Animal Assisted Therapy
Animal therapy in the form of contact with pets and/or wild or domesticated animals enhances self-actualization and can lessen symptoms of depression. Antonioli & Reveley (2005) found that simply swimming with dolphins can greatly reduce symptoms of depression. Other studies have shown that owning pets, or even just watching fish in an aquarium, can greatly reduce stress. Equine Therapy uses horses to facilitate mental and physical wellbeing. There are many other ways that animals can help us lead happier lives, as any pet owner can tell you!
Sempik & Spurgeon (2006) demonstrated that therapeutic gardening reduces stress and lessens symptoms of depression. Blair (2009) discovered that gardening can be used as a means of helping school children to enhance self-sufficiency, social identity, meaning, and self-integration. There’s just something very healing about planting something and nurturing it as you watch it grow.
Sponselee, et al (2004) discovered that outdoor activities reduce stress and restore energy. If you’ve ever had to miss a vacation, you’re probably painfully aware of the regenerative power of taking a week or so off to spend time in nature. Roggenbuck & Driver (2000) found that you don’t need a facilitator or guide to enjoy health and well-being benefits from the use of wilderness areas. There’s a reason we’re attracted to beaches and national parks!
Architecture Incorporating Natural Spaces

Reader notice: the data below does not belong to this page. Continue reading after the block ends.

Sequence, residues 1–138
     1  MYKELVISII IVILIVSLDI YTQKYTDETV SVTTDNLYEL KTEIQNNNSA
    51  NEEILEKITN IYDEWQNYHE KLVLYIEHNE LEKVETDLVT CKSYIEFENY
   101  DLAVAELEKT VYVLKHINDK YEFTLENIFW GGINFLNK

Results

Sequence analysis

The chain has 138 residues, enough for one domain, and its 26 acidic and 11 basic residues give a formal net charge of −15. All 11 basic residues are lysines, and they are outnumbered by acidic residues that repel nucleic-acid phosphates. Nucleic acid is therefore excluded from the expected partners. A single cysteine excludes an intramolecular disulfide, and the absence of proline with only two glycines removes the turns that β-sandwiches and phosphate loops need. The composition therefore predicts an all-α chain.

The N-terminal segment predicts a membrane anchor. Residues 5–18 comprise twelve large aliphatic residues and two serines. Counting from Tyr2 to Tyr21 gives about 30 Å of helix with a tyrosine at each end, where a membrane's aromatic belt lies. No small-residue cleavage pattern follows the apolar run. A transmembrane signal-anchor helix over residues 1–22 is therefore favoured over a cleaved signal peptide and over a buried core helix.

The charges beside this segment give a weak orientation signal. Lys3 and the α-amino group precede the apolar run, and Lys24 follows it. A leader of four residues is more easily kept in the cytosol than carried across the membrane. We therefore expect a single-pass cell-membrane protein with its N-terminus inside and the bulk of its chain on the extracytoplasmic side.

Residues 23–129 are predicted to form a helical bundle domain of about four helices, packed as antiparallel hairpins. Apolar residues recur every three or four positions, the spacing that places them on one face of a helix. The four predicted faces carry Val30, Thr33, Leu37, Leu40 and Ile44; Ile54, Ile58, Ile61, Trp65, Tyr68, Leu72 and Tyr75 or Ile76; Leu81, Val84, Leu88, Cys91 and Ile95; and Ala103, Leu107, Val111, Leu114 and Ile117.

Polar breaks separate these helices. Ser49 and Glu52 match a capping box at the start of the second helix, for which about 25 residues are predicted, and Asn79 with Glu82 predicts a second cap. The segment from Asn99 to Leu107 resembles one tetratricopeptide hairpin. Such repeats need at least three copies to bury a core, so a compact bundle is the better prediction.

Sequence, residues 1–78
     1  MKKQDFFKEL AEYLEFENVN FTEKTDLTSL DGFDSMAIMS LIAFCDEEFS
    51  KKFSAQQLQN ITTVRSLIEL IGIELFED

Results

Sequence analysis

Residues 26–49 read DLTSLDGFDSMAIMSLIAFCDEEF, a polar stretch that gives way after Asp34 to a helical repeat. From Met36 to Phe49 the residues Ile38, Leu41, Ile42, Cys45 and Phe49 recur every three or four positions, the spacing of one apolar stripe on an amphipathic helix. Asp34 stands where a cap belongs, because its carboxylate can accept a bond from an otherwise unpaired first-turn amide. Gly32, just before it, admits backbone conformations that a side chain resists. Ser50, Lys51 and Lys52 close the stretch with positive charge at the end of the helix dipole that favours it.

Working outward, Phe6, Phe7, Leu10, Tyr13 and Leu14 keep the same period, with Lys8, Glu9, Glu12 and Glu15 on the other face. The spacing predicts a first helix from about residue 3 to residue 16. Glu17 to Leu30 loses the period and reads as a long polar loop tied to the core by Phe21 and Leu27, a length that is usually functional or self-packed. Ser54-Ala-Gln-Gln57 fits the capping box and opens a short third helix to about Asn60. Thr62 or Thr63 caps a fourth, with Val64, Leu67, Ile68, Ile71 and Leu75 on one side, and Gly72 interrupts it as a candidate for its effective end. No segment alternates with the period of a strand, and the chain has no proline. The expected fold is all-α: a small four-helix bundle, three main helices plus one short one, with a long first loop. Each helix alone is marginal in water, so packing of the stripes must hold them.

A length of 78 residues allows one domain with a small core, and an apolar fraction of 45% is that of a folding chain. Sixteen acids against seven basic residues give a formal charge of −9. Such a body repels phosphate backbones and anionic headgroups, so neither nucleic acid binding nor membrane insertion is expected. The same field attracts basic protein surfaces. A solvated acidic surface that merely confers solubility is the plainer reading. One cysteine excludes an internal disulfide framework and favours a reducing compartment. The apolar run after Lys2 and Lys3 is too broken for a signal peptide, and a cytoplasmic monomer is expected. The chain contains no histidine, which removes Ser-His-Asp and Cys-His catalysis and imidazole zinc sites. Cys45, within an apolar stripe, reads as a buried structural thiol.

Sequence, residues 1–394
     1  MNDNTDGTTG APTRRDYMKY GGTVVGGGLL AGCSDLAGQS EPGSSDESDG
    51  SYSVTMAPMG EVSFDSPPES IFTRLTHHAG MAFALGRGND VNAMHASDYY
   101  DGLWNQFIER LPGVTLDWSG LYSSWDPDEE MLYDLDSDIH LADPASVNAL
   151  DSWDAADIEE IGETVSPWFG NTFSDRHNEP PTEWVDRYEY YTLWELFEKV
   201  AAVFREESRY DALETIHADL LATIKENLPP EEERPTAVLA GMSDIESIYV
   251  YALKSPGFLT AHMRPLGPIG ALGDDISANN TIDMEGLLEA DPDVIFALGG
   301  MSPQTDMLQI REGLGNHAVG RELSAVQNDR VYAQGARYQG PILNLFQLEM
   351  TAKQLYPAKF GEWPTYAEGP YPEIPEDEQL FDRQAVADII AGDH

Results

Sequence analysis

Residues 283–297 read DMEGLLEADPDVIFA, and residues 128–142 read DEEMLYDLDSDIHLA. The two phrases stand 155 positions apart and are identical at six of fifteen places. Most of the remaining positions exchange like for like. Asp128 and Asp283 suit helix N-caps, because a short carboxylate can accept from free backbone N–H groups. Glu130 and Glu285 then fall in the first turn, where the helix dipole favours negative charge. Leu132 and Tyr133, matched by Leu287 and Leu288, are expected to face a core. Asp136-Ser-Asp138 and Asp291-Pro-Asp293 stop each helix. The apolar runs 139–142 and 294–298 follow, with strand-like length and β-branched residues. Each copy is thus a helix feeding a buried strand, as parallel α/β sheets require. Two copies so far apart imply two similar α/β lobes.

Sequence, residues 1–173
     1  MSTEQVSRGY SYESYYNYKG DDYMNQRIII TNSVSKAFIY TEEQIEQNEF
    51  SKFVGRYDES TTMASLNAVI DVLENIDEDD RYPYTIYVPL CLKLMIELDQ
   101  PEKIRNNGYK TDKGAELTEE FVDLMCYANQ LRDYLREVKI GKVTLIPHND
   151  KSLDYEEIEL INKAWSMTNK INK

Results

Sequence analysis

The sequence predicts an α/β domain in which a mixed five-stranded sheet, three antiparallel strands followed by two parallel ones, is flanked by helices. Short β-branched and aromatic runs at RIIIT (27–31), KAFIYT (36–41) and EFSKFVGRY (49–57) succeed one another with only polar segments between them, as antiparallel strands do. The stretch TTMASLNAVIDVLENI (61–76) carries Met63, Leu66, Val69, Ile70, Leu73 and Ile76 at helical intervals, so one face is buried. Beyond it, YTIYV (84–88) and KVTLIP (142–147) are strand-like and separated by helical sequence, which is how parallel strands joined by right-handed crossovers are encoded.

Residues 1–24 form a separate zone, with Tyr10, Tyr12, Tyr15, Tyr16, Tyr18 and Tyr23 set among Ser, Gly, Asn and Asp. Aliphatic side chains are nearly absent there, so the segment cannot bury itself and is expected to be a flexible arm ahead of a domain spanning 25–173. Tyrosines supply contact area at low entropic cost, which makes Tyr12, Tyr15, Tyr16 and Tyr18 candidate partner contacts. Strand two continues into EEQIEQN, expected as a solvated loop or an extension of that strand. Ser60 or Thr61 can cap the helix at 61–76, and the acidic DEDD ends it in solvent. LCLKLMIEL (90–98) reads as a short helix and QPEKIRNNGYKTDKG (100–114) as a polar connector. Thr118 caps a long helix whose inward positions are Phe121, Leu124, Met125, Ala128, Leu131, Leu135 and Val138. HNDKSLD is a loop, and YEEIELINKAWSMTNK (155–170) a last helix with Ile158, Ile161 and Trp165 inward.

Nature can be incorporated into the home environment through the use of plants, an aquarium, or even recorded nature sounds. Alvarsson et al (2010) studied the positive mental health effects of listening to nature sounds.
Purcell, et all in 2007 revealed that outdoor classrooms enhanced many critical factors of the educational experience, including: Enhanced retention, better focus, more attention to detail, less hyperactivity, more relaxation, increased confidence and self-esteem, and better cognitive functioning
0.7 Characteristics of Natural (Nature) Experiences
In a 2005 study on the effects of nature, van den Berg and ter Heijne introduced the concepts of focused attention and fascination. Focused attention is a concentrated cognitive effort to avoid distractions in the environment, while fascination is a natural interest in the environment, requiring no effort of concentration. The study found that wilderness or nature experiences produce fascination. Fascination has been demonstrated to reduce stress, improve concentration, and promote overall wellbeing.
A natural environment (including flora, fauna, natural scents, music or natural sounds, etc.) promotes fascination and requires less reliance on focused attention. With less demands being made on focused attention, more cognitive resources are available for the heightened awareness necessary to achieve a peak experience or a meditative state.
Studies in the past have concluded that experiences in natural spaces lead to increased self-esteem, an increased internal locus of control (meaning that people feel in control of their circumstances instead of being controlled by their circumstances), deep reflective experiences, vision-questing (determining a life path), enhanced abstinence effects for people with addictions, feelings of connectedness to nature; feelings of oneness, lowered heart rate and blood pressure, enhanced stress management capabilities, better immune system functioning, lessened recovery time from illness or surgery, and better quality-of-life ratings from people who live in suburbs designed to incorporate green spaces.